Nobody Knows

Kore-eda's second dramatic feature After Life (released in the US in 1999) is one of my all-time favorite films. I urge everybody reading this now to seek it out. I think it's amazing. So you can imagine I was quite excited to see Nobody Knows, especially since Kore-eda's 2001 film Distance was never distributed in the States.

Inspired by true events, Nobody Knows charts the year-long decline of four young siblings, aged 5 to 12, who have been abandoned in a Tokyo apartment by their detestably irresponsible mother. In an unhurried, naturalistic way, the film follows them through the seasons as their quality of life deteriorates, not marked by the usual sadistic scenes of being robbed, raped, or otherwise betrayed – as, I feel, a lot of other directors would have resorted to including – but playing out as a single trajectory downward; one great, slowly compounding crisis as opposed to a series of sharp minor ones.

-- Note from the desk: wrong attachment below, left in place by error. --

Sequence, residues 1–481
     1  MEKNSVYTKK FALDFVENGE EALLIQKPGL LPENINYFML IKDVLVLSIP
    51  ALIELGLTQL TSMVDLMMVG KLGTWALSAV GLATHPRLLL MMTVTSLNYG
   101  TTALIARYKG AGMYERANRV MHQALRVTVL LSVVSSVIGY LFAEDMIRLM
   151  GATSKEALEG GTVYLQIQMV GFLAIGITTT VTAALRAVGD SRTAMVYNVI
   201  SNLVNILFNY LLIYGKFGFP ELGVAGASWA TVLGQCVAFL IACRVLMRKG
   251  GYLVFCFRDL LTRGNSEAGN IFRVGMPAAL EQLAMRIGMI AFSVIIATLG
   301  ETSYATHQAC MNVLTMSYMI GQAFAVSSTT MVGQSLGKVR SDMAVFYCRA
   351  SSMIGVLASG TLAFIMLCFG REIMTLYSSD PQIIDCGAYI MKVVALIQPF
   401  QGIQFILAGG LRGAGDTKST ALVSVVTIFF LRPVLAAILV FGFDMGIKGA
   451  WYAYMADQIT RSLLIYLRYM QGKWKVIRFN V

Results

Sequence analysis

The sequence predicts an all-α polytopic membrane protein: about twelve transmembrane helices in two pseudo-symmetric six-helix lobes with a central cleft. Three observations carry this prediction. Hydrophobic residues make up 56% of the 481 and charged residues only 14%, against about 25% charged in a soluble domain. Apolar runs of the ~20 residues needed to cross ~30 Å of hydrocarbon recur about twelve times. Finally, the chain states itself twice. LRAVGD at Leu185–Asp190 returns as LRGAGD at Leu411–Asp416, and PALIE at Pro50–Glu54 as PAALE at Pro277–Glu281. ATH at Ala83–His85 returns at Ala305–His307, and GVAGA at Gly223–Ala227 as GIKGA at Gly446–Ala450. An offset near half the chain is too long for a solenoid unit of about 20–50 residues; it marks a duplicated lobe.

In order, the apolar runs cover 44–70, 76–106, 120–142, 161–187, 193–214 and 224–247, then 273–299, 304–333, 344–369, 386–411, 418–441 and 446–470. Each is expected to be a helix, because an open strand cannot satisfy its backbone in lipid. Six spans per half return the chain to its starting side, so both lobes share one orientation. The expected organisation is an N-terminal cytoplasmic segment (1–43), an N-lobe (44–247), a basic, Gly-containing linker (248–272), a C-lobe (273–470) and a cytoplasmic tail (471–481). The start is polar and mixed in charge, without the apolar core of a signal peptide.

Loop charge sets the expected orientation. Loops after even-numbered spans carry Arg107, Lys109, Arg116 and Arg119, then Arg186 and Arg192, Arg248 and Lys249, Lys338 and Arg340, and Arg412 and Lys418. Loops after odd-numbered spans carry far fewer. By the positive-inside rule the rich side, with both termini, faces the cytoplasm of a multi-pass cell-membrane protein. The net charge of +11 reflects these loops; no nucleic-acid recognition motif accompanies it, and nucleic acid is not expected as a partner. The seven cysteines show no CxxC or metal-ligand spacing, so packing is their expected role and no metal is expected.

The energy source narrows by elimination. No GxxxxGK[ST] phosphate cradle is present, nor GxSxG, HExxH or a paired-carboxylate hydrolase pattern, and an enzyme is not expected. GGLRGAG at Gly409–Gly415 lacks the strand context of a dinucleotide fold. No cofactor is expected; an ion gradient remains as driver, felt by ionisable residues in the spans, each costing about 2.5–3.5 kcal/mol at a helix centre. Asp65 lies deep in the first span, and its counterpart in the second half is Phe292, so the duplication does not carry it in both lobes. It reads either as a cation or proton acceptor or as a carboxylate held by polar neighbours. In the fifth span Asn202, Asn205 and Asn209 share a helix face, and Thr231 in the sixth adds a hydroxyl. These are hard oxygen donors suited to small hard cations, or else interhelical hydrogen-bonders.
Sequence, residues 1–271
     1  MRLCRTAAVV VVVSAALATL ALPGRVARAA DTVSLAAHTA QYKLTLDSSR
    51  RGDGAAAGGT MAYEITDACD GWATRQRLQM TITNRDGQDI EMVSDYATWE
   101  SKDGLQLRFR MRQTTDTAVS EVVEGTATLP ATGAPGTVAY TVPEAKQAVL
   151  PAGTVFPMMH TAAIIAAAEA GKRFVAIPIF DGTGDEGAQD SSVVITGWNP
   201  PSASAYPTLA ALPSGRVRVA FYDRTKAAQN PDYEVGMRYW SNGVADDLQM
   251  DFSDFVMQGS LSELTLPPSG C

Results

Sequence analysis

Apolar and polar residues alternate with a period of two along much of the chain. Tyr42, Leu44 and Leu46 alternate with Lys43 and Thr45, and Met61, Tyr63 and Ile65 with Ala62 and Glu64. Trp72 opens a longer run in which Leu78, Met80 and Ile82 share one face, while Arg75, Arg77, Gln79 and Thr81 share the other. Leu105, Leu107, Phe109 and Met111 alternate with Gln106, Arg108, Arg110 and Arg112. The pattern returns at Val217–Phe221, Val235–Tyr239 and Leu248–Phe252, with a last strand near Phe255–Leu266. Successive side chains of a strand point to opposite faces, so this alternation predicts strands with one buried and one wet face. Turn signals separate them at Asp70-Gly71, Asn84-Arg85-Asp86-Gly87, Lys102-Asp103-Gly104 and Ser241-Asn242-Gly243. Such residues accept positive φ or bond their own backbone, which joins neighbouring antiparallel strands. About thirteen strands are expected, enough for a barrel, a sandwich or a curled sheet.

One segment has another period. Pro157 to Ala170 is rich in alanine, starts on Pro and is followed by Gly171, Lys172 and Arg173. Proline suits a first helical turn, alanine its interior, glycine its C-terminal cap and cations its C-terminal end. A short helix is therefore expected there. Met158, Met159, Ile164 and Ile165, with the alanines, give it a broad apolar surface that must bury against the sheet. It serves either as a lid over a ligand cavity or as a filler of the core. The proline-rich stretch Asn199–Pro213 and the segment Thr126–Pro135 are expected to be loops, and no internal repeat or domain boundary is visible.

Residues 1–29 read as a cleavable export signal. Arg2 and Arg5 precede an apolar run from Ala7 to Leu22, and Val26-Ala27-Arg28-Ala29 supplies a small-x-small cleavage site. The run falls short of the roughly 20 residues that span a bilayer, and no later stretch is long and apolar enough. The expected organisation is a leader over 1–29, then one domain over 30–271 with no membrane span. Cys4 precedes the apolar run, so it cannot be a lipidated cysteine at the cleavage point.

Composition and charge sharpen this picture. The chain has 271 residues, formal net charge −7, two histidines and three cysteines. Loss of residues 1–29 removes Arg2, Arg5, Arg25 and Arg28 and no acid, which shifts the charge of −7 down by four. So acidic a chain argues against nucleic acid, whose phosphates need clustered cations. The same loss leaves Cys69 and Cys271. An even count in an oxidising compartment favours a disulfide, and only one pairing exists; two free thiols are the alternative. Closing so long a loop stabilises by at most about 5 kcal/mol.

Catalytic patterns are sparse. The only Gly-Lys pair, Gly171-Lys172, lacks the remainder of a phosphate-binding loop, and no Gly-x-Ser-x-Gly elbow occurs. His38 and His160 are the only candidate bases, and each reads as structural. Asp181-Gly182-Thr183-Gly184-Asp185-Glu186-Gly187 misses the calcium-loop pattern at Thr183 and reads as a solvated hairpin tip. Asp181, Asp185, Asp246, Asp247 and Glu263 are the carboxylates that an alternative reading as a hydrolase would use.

Though it is worrying to watch, Kore-eda has picked a particularly appealing quartet of young actors (a quintet, really, as a lonely neighbor girl befriends them and becomes part of the family unit) who are very sweet and clearly at ease in front of the camera, and he includes several scenes of normal childhood levity that become all the more heartbreaking in the context of his characters' hopeless situation.

Nobody Knows is not for the impatient, and the story's final tragedy is so muted – in part because it is seen through the uncomprehending eyes of children – that it doesn't resonate as fully as it could. Still and all, the kids are great, Kore-eda's visual direction is in peak form, and there are many, many poignant moments.